President Donald Trump visited Las Vegas on Wednesday, three days after a gunman rained bullets onto a country music festival there in America’s worst mass shooting in modern history.
Trump, accompanied by first lady Melania Trump, made two stops: one at a hospital to meet with victims, their families and medical staff treating the wounded, and another to visit with first responders.
“We’re going to pay our respects, and to see the police, who have done really a fantastic job in a very short time,” he told reporters before leaving Washington Wednesday morning, calling it “a very, very sad day for me” and the shooting “a very sad thing.”
Following his visit to Las Vegas’ University Medical Center, where many of the shooting victims were taken, Trump praised “the incredible professionalism” of the medical staff.
“I just wanted to congratulate everybody,” he said. “It is incredible what you’ve done.”
Paddock’s fusillade, firing hundreds of rounds a minute from the 32nd floor of the Mandalay Bay hotel, sent the concert into chaos. Authorities later found him dead in his hotel room from a self-inflicted gunshot wound alongside 23 weapons, 12 of which were outfitted with a legal device to make them fire faster.
On Wednesday, Trump called the shooter “a very sick man, a demented person,” and said authorities are “looking very, very hard” for his motive.
Trump’s visit to Las Vegas marks the second time in two days he has had to assume the role of “consoler-in-chief.”
On Tuesday, he visited Puerto Rico to survey damage from Hurricane Maria. But he largely focused on congratulating federal and local officials for their response to the storm, rather than demonstrating empathy for the residents experiencing widespread devastation.
The president’s response to the Las Vegas shooting has been a bit more measured. Following his two visits Wednesday, Trump delivered scripted remarks, honoring the victims and first responders to what he called “a vicious attack.”
“In the depths of horror, we will always find hope in the men and women who risked their lives,” he said.
Shortly after the violence erupted Sunday, Trump called the shooting “an act of pure evil” and offered his condolences to victims. “We cannot fathom their pain; we cannot imagine their loss,” he said Monday morning, before praising law enforcement and first responders.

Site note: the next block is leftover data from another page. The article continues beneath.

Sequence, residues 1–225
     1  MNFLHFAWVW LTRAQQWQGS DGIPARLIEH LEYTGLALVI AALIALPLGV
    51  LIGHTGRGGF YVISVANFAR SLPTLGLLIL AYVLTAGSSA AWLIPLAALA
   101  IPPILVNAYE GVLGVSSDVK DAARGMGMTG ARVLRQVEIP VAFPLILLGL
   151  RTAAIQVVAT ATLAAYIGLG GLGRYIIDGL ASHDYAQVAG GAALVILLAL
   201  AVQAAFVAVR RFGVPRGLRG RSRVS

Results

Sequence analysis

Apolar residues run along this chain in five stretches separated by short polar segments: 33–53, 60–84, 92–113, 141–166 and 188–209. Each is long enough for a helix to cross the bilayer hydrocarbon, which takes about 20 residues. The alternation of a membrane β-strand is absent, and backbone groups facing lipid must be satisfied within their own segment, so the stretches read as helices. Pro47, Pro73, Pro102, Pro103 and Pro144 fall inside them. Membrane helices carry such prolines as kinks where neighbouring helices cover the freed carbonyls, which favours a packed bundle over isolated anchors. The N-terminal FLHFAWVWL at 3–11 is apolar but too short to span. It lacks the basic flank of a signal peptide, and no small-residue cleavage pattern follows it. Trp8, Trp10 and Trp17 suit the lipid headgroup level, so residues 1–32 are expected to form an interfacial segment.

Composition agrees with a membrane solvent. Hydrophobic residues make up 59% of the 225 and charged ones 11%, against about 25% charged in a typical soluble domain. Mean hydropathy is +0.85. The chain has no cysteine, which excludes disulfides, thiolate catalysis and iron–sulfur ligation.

“The speed with which they acted is miraculous and prevented further loss of life,” Trump said. “To have found the shooter so quickly after the first shots were fired is something for which we will always be thankful and grateful. It shows what true professionalism is all about.”
He again praised police when meeting with them on Wednesday, telling them he was “a big fan before this” and “even more of a fan now.”
“You showed the world — and the world is watching — you showed what professionalism is all about,” he said.
Trump refrained from discussing gun policy during his appearances on Wednesday.
“We’ll be talking about gun laws as time goes by,” Trump said Tuesday, stressing that he wants to focus on the police response, which he repeatedly called “a miracle.”
When asked about guns on Wednesday, he again said: “We’re not going to talk about that today.”
White House officials have said it’s not an appropriate time to raise the issue, despite the regularity of gun massacres in the United States.
On Monday, White House press secretary Sarah Huckabee Sanders argued that it was “premature to discuss policy when we don’t know all of the facts.” On multiple occasions, Trump has immediately weighed in on terrorist attacks committed by Muslims and used them to promote his travel ban targeting majority-Muslim countries.
An administration official told Politico on Tuesday that “with this investigation still in its early phases, we should avoid making sweeping policy decisions.”
The president is likely to face pressure on the gun issue from Democrats in Congress, who have renewed calls for gun control. Sen. Chris Murphy (D-Conn.) on Monday spearheaded the push, urging his colleagues to “get off [their] ass and do something.” Murphy’s constituents include those in Newtown, where a gunman killed 20 children during the 2012 massacre at Sandy Hook Elementary School.
“President Trump, before he ran for office, was for certain sane, rational, limited aspects of gun control,” Schumer said on the chamber floor on Tuesday. “Maybe he can have a bit of a reawakening because of the horror of what happened as he goes to Las Vegas tomorrow.”
On Twitter, Schumer urged Trump to “stand up to the NRA and stand up for the over 30,000 Americans who are victims of gun violence” annually.
GOP legislation to ease restrictions on gun silencers appears to have been tabled after the shooting. Democrats, including Sen. Dianne Feinstein (Calif.), said they would work on ways to ban “bump stocks” that allow guns to fire faster ― the same device found on multiple weapons in the Las Vegas shooter’s hotel room.
“Doing nothing in the wake of this tragedy is not an option,” Feinstein said Tuesday.
This story has been updated with details from Trump’s visit.
- This article originally appeared on HuffPost.